Walton Motors was a franchised dealer in Lincoln-Mercury automobiles, and was engaged in the retail sale of such automobiles at Salt Lake City, Utah. In 1950, and thereafter, it was subject to regulation under the Defense Production Act of 1950. The first General Ceiling Price Regulation became effective on January 26, 1951, and it froze the retail prices for which defendant could sell new automobiles at the highest level of its prices in effect during the period December 19, 1950 to January 25, 1951. This regulation was superseded on March 2, 1951, by GCPR-SR-5 (Retail prices for new and used automobiles, 16 F.R. 1769). On October 15, 1951, SR-5 was superseded by CPR-83 (16 F.R. 10594).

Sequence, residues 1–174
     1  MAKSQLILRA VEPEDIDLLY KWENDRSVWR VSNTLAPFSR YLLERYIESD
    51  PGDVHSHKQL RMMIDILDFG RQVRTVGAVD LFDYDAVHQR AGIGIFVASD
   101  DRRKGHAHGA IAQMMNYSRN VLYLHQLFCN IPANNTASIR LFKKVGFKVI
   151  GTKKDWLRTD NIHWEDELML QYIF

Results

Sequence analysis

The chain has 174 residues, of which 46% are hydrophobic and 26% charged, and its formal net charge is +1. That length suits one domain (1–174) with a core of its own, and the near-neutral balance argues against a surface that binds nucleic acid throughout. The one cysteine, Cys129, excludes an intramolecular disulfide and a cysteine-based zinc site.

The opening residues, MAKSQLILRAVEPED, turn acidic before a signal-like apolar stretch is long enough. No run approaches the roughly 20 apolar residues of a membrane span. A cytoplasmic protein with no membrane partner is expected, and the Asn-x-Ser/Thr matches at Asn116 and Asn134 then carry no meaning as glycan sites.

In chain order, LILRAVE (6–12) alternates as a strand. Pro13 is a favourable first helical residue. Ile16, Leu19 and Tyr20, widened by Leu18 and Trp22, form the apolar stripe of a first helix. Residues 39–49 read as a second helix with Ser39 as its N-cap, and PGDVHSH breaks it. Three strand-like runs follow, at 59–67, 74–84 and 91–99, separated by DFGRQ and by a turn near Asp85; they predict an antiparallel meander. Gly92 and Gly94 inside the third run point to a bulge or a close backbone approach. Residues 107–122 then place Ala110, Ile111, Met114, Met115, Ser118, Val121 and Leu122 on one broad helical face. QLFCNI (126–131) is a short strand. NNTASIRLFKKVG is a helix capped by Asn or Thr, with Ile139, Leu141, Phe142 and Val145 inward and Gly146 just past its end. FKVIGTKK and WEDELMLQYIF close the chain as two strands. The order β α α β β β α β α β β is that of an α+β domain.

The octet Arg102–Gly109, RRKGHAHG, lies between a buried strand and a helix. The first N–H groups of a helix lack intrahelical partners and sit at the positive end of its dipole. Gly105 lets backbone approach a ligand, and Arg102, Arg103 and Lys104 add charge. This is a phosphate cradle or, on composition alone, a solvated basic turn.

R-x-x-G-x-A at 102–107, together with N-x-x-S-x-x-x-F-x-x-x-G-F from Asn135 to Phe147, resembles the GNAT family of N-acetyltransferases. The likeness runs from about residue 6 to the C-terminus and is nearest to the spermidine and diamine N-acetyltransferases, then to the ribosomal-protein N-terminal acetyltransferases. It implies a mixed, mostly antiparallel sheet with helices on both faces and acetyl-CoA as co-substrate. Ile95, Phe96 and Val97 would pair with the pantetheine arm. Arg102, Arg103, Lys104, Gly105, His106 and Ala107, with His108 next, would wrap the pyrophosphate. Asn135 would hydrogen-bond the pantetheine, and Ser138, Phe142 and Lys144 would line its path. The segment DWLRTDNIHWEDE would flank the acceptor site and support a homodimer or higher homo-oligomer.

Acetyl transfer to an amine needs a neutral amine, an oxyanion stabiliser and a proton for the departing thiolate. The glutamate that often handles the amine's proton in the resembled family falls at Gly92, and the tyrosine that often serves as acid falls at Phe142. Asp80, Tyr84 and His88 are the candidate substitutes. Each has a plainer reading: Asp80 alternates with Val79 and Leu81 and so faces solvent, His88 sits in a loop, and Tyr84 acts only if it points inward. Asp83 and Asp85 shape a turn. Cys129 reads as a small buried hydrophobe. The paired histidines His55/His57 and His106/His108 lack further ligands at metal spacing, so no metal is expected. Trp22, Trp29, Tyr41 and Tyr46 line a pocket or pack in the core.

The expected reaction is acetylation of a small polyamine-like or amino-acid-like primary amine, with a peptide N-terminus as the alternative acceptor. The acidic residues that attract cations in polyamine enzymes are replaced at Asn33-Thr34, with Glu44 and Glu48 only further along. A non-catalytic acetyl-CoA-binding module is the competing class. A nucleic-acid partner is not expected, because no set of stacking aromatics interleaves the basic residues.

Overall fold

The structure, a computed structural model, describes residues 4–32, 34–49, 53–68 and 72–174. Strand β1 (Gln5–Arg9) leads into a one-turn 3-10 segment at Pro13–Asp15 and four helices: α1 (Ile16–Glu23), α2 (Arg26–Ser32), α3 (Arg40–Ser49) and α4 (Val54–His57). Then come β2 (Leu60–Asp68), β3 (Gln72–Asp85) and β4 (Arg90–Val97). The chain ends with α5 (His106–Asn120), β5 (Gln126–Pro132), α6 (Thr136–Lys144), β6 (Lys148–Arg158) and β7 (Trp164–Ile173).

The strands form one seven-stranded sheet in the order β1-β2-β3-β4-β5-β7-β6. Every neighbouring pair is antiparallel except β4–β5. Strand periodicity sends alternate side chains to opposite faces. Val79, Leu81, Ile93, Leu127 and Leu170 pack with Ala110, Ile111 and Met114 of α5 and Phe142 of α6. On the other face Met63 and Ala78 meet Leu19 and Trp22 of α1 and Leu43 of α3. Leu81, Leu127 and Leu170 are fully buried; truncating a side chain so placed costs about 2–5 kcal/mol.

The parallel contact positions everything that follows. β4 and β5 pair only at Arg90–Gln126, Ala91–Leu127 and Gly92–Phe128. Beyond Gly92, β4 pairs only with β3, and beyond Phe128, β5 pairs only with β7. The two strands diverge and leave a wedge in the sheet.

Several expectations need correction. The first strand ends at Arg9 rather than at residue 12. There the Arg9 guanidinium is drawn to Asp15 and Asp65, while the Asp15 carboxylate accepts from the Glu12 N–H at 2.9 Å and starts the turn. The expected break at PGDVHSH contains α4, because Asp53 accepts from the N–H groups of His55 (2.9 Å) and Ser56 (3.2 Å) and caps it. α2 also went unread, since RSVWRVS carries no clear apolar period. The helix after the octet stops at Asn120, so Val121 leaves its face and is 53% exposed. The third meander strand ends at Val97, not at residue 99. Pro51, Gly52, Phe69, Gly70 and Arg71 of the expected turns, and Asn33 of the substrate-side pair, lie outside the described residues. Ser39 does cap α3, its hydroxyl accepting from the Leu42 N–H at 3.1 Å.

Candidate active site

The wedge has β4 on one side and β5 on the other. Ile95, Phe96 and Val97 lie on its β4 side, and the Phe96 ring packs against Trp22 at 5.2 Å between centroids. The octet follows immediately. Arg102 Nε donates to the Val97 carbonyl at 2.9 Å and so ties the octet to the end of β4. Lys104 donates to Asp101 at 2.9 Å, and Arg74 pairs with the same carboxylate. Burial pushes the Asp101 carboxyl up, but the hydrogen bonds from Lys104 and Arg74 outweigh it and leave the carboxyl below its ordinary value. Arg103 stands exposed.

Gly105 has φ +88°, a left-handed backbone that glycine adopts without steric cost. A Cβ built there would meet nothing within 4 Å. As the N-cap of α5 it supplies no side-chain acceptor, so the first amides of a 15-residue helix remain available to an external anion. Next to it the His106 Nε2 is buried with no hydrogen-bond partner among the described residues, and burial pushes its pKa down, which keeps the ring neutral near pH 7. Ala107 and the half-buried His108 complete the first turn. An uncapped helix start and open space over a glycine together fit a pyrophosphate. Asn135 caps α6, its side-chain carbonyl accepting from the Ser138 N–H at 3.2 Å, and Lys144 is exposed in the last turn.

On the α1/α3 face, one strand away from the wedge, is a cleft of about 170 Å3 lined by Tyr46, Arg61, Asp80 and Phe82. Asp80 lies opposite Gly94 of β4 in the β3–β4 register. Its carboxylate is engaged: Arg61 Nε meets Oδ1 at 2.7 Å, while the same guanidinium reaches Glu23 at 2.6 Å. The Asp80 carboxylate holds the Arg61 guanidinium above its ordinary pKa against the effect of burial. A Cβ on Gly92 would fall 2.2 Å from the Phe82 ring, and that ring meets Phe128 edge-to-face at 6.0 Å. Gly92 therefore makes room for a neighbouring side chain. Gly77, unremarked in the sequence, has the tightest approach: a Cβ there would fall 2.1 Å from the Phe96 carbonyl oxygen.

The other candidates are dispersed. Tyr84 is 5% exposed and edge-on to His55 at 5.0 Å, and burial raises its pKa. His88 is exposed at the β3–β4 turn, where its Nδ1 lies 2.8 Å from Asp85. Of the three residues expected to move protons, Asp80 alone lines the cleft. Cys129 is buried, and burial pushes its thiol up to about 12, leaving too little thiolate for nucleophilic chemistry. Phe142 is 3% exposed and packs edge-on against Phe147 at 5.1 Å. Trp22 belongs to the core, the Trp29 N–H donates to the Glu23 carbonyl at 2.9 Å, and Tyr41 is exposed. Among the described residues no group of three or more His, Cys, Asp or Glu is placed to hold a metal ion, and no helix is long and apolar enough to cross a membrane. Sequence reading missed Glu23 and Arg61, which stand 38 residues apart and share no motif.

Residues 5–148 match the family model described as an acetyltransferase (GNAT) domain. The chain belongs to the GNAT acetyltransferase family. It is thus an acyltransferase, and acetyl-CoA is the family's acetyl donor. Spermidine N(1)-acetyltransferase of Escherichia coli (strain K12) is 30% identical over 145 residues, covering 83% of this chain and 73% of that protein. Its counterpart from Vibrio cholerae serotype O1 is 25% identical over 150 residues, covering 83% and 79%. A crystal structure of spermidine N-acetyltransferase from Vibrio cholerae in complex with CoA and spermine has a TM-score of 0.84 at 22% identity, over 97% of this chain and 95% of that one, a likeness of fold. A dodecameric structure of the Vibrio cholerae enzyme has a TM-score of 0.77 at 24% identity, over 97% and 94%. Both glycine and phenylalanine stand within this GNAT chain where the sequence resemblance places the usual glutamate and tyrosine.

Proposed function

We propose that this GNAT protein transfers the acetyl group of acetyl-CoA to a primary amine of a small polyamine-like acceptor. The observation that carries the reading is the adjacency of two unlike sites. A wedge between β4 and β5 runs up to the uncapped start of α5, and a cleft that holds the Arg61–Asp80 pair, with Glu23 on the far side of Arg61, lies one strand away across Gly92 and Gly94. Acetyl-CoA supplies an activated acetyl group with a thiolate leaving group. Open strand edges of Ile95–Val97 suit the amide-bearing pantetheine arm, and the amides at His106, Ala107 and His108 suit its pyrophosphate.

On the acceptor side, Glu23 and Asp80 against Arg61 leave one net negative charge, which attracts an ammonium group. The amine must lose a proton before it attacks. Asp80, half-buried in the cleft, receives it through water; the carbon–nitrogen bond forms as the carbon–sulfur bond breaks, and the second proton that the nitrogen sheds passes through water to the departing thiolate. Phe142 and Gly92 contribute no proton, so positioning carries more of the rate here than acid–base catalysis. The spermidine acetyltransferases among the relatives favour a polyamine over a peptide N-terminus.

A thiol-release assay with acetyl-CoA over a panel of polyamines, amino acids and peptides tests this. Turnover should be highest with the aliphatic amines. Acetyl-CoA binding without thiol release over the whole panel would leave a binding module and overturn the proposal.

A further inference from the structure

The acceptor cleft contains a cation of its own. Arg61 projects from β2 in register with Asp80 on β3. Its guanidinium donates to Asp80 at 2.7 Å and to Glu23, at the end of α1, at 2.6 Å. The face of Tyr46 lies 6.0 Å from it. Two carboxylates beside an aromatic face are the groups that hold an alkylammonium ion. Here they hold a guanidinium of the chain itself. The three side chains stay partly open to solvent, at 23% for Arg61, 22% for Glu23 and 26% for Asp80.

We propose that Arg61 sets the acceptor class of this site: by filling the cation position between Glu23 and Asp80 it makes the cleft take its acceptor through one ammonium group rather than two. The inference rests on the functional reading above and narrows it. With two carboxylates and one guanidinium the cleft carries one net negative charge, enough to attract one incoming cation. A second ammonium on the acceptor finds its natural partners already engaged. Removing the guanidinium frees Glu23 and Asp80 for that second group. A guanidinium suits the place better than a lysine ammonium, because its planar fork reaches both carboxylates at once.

Section 3 of SR-5 established as the basic ceiling price for new automobiles, the sum total of (a) the manufacturers' suggested list price; (b) a charge for extra, special, or optional equipment requested in writing by the customer; (c) transportation costs; (d) Federal excise taxes; (e) State and local taxes; (f) the ceiling price established under the General Ceiling Price Regulation for preparing and conditioning the new automobile for delivery; and (g) any other service, requested in writing by the customer, which is ordinarily performed on new cars by the seller. We are only concerned with paragraph (f) which related to the charge "for preparing and conditioning the new automobile for delivery". It is quite clear that in preparing the regulations, the Director of Price Stabilization recognized that this charge is a proper one and that it is an element of the retail price. The purpose of SR-5 and CPR-83 was to establish uniformity in the fixing of retail prices of new automobiles in the same geographical areas. This might, to some extent, effect a change either up or down in prices existing during the base periods. George V. Tribe Co. v. Kendall, Em.App., 210 F.2d 658; Norman-Frank, Inc., v. Arnall, Em.App., 196 F.2d 502. CPR-83 provided that the ceiling price should be composed of the same factors as contained in SR-5, except that the charge for preparing and conditioning new automobiles for delivery was to be the same as that charged during the period from January 26 to February 24, 1951, but not to exceed five percent of the basic price of the automobile. It provided that the charge had to be directly related to services actually rendered, and that if no services were rendered, no charge would be allowed.1